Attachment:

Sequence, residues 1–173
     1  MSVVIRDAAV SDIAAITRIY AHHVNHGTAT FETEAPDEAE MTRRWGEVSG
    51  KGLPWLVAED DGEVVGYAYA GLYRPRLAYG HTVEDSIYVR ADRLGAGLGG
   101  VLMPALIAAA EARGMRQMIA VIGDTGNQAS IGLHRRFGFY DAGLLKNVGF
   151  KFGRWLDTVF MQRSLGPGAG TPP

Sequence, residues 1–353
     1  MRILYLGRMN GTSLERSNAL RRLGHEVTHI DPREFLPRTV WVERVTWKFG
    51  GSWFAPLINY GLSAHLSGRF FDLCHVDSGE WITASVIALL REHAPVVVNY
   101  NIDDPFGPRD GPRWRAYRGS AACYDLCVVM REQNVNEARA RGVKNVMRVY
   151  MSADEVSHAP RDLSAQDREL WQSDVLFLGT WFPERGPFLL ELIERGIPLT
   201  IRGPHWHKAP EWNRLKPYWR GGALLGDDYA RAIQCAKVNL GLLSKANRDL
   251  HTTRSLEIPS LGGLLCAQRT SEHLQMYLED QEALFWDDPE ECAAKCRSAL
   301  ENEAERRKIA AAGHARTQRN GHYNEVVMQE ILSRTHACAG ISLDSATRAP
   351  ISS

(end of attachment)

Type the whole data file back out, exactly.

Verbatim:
Sequence, residues 1–173
     1  MSVVIRDAAV SDIAAITRIY AHHVNHGTAT FETEAPDEAE MTRRWGEVSG
    51  KGLPWLVAED DGEVVGYAYA GLYRPRLAYG HTVEDSIYVR ADRLGAGLGG
   101  VLMPALIAAA EARGMRQMIA VIGDTGNQAS IGLHRRFGFY DAGLLKNVGF
   151  KFGRWLDTVF MQRSLGPGAG TPP

Sequence, residues 1–353
     1  MRILYLGRMN GTSLERSNAL RRLGHEVTHI DPREFLPRTV WVERVTWKFG
    51  GSWFAPLINY GLSAHLSGRF FDLCHVDSGE WITASVIALL REHAPVVVNY
   101  NIDDPFGPRD GPRWRAYRGS AACYDLCVVM REQNVNEARA RGVKNVMRVY
   151  MSADEVSHAP RDLSAQDREL WQSDVLFLGT WFPERGPFLL ELIERGIPLT
   201  IRGPHWHKAP EWNRLKPYWR GGALLGDDYA RAIQCAKVNL GLLSKANRDL
   251  HTTRSLEIPS LGGLLCAQRT SEHLQMYLED QEALFWDDPE ECAAKCRSAL
   301  ENEAERRKIA AAGHARTQRN GHYNEVVMQE ILSRTHACAG ISLDSATRAP
   351  ISS